A slew of fresh ugly economic reports out of Europe has economists speculating that the European Central Bank will soon announce a further monetary stimulus to spur growth and stoke inflation.
Both stats, while in line with expectations, confirm worries that things aren’t getting better in Europe.
“Euro-area inflation fell closer to zero in August,” said Bloomberg economists Maxime Sbaihi and Niraj Shah.
Italy released inflation data that revealed consumer prices actually fell 0.2% year-over-year in August, a sharp deterioration from 0.0% in July. In other words, Italy is in deflation.
“The releases add weight to speculation the European Central Bank could announce further monetary stimulus as soon as next week,” argued Sbaihi and Shah. “This prospect is reinforced by a simultaneous release indicating that the euro area’s third-largest economy [Italy] fell into deflation.”
Pantheon Macroeconomics’ Claus Vistesen, however, approaches the inflation report with a bit more caution.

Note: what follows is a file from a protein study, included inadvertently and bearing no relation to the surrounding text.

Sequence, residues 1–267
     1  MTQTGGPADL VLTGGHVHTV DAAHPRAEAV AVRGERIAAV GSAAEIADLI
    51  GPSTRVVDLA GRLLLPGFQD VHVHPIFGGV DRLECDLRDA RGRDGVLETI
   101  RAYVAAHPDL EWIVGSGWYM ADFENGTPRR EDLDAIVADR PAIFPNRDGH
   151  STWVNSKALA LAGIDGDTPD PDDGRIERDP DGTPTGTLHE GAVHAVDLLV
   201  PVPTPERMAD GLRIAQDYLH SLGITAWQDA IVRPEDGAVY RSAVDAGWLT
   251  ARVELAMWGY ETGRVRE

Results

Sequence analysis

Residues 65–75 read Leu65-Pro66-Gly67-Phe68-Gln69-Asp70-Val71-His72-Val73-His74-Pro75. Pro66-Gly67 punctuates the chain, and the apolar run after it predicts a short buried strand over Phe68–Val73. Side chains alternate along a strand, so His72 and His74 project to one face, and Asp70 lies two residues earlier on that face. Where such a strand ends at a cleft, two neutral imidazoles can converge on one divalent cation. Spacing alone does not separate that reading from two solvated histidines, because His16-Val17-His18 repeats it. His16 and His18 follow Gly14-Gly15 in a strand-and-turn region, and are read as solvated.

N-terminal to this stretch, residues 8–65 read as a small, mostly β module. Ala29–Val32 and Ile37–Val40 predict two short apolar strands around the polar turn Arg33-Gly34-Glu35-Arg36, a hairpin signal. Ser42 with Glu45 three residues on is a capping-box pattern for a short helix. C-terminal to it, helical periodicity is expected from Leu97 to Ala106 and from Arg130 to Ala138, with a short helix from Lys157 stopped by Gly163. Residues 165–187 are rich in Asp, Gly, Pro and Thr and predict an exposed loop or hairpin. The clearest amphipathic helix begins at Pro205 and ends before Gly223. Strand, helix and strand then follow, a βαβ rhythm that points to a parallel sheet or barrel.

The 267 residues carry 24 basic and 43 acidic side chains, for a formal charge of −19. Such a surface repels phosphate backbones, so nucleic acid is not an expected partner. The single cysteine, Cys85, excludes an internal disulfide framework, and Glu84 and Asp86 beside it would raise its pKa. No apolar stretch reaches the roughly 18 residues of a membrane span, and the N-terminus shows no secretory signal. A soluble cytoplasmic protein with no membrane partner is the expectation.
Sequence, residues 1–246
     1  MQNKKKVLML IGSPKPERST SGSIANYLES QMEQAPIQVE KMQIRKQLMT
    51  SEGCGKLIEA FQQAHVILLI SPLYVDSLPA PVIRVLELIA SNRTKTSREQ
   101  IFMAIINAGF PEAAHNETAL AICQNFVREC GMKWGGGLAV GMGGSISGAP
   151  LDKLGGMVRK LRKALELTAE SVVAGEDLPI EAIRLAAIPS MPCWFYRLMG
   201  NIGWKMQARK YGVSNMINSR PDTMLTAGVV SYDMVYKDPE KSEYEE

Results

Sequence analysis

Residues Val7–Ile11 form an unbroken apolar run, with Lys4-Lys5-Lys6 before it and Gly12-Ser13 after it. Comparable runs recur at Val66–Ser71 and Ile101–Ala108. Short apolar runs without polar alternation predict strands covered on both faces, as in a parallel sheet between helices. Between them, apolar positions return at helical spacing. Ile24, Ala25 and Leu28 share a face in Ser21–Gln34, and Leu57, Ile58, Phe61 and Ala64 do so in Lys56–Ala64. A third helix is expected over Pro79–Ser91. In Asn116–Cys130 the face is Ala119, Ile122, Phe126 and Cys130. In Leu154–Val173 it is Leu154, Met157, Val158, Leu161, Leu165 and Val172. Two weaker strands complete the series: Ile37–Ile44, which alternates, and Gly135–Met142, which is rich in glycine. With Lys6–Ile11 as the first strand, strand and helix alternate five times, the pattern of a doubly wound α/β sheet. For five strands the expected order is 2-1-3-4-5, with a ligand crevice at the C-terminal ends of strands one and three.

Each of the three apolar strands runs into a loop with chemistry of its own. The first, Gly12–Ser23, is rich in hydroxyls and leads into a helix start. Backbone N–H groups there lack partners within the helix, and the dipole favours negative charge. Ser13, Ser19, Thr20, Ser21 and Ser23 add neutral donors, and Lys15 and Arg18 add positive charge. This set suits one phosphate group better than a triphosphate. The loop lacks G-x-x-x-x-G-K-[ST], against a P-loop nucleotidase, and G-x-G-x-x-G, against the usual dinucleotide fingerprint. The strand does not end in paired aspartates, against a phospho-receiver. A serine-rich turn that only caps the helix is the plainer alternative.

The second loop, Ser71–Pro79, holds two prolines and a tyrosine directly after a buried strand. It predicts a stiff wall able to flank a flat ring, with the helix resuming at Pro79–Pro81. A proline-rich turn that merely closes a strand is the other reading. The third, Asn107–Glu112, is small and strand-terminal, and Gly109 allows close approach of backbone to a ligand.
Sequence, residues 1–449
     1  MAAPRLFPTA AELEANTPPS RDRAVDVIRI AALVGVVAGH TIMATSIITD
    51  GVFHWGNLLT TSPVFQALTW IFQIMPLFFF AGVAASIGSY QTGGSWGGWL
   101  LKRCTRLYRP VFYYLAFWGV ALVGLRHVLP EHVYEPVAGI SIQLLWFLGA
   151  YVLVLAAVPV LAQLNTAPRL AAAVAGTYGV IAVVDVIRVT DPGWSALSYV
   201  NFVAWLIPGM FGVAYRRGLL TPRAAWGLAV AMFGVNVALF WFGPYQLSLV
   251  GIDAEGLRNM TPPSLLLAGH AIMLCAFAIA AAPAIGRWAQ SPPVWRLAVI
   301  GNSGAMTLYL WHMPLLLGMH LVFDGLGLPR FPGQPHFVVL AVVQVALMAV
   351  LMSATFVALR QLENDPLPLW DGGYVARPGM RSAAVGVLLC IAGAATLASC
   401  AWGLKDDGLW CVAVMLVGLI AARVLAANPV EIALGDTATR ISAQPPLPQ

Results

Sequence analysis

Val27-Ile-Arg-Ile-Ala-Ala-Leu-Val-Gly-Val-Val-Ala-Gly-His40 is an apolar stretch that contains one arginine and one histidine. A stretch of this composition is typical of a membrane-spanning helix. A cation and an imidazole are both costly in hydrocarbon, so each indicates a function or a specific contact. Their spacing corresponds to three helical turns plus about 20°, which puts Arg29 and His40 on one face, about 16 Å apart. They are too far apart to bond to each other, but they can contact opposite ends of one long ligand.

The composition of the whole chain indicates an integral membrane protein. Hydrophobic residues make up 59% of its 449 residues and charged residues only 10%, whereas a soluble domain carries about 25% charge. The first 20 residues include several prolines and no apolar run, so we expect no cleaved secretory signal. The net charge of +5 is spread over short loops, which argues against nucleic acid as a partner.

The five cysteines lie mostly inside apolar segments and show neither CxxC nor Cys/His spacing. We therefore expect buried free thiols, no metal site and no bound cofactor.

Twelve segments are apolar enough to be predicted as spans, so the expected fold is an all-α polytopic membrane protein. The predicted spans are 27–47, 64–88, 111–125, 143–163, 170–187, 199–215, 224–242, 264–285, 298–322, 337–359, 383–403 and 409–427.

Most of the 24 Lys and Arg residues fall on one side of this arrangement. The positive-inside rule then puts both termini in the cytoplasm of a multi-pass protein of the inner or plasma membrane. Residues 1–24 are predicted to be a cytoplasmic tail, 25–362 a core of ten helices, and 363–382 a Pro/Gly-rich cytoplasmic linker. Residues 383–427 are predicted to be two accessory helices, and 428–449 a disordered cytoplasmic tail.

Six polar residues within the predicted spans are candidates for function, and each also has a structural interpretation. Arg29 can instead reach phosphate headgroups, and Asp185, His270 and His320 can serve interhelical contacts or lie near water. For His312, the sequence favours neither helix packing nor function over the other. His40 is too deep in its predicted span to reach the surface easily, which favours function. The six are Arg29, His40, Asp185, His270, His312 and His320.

“Price pressures in the eurozone remain very subdued, but it is important to note that energy prices are the main culprit for the very low inflation reading,” Vistesen said. “The energy component plunged to -2.0% year-over-year in August from -1.0% in July, adding a significant drag to the headline number; excluding energy, inflation would have been 0.6% year-over-year.”
Still, Vistesen believes that the numbers overall are ugly enough to force the ECB’s hand.
“Coupled with a recent lurch lower in market-based inflation expectations, it continues to indicate that more stimulus is forthcoming from the ECB this year,” he said.
Draghi Is Ready
“We stand ready to adjust our policy stance further,” said Mario Draghi, president of the European Central Bank (ECB).
Draghi made this statement at the Kansas City Fed’s Economic Policy Symposium in Jackson Hole, Wyoming earlier this month. His speech came after the eurozone economies reported a string of of disappoint reports suggesting that growth had stalled and prices were falling.
Based on recent moves in interest rates, it appears bond traders are betting more monetary stimulus is coming. As you can see below, the prospect for more intervention in the European bond markets has pushed yields in the eurozone to record lows.
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